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Re: oxygen versus co2

Lazarus Miskowski wrote:

> Some prominent members of the list (the names escape
> me at the moment) have long been proponents of
> increased oxygen levels in our tanks.  Generally this
> means increased ciculation.

This isn't necessarily true.

> My recent experience has
> been that fish activity level was increased by
> increasing circulation.  So I am a believer in this
> regard.
> My question has to do with maintaining co2 levels.
> High co2 and high oxygen aren't mutually exclusive,
> correct?

Their concentrations aren't directly related to each other in any way.

Circulation or aeration will usually keep the oxygen level in an
unplanted tank from falling too low for it's usual occupants.  It won't
rise much over 8 mg/l, because water reaches equilibrium with
atmospheric oxygen somewhere near 8, depending on temperature, altitude
and the composition of your home's interior air.

Photosynthesis by healthy plants in a well-lit aquarium can push the
oxygen content over 10 (that's where my old oxygen kit pegged out). 
That's a higher concentration than you can ever get from circulation
alone.  Circulation and aeration tend to keep the oxygen content close
to atmospheric equilibrium levels -- keep it *lower* than the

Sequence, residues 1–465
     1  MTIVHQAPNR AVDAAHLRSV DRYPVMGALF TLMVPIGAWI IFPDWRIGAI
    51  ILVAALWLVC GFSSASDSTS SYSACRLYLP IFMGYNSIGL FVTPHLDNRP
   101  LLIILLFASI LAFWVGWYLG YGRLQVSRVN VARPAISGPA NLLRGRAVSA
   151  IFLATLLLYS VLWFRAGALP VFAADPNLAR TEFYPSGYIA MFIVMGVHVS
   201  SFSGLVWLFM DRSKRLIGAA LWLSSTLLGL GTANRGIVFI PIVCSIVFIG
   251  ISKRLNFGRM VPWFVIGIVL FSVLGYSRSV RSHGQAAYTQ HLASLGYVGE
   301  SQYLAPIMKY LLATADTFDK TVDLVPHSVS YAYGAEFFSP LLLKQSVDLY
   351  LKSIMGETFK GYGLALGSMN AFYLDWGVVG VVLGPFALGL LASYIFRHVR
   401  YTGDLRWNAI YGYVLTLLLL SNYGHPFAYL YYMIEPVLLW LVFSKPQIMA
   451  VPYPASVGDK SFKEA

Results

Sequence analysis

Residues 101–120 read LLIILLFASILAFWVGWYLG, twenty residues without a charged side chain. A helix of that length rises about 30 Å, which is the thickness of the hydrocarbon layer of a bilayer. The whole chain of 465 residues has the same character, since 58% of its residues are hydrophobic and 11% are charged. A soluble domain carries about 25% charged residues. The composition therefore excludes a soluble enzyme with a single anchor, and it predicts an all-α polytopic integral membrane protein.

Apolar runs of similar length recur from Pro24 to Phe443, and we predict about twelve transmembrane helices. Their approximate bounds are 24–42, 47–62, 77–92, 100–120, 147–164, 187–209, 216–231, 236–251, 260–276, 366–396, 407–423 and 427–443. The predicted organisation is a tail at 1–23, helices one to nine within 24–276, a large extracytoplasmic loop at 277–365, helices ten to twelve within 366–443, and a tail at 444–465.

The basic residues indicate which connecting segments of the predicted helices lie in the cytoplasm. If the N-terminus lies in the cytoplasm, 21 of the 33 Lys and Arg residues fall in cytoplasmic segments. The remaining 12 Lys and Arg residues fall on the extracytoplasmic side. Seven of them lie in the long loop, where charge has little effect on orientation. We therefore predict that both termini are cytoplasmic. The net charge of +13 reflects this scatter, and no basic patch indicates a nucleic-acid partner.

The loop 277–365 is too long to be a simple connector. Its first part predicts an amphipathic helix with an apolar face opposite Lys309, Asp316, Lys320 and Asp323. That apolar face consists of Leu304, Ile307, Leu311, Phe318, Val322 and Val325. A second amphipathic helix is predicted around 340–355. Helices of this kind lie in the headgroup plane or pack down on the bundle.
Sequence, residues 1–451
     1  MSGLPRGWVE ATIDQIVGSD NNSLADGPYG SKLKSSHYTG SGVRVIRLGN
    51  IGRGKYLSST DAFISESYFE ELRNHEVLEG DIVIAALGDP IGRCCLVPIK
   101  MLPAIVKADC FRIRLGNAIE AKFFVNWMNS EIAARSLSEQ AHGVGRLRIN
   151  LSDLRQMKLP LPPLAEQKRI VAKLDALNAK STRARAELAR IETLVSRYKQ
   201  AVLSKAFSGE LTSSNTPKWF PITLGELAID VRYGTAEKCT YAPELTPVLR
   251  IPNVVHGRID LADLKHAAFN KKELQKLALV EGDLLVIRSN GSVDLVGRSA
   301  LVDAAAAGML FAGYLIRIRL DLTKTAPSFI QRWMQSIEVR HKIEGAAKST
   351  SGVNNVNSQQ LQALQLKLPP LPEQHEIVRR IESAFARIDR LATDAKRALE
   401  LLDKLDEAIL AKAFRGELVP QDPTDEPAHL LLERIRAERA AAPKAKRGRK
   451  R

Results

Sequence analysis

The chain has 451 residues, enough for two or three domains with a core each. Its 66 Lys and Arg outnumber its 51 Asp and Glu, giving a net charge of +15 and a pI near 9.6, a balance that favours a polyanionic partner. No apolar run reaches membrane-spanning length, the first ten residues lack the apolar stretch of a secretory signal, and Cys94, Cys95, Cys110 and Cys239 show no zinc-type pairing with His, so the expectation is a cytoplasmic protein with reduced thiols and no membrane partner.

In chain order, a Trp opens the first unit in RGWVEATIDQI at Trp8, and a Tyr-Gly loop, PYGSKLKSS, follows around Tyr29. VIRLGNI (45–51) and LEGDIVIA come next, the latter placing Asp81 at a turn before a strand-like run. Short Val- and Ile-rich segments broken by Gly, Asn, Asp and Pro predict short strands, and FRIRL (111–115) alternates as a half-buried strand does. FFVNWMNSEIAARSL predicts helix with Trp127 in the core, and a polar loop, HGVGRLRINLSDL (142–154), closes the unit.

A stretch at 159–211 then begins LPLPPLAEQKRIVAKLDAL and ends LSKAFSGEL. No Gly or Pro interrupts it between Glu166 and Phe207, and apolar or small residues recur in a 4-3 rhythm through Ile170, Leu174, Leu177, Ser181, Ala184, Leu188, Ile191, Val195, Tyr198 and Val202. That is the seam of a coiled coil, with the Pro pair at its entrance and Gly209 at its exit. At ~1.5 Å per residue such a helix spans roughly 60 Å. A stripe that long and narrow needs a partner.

concentrations you would get without circulation.

Oxygen levels drop when the lights go out, the more circulation you
provide, the faster they drop.  A tank is unlikely to maintain elevated
oxygen levels all night, with or without circulation.  Just how low they
drop depends on the conditions in your tank.  The tank I used to monitor
had about 8 mg/l of oxygen before the lights came on in the morning.

People sometimes report that their fish are gasping at the surface in
the morning, implying low oxygen.  I've never seen that happen in my
tanks and I have to suspect that those tanks with gasping fish contain
more fish than I normally maintain in an aquarium and/or the plants
aren't photosynthesizing enough to supersaturate the tank.

> I can increase circulation and therefore
> increase oxygen, and at the same time increase my
> input of co2 to maintain adequate levels, correct?

This might get you a net increase in oxygen if your tank is overloaded
with fish, if you don't have very many plants, or if your plants aren't
real healthy.  It won't do your plants much good, and since the plants
are net producers of oxygen your increased circulation could end up with
an overall decrease in oxygen.

> While this may be inefficent, co2-wise, I presume it
> is healthier for the fauna.  Any comments?  Am I
> headed in the right direction?

It is inefficient -- maybe to the point of being self-defeating -- and
certainly it's something you don't need to think about much unless your
fish show symptoms of low oxygen.  If they are stressed by low oxygen
then it would probably be better for all concerned to reduce the fish

Roger Miller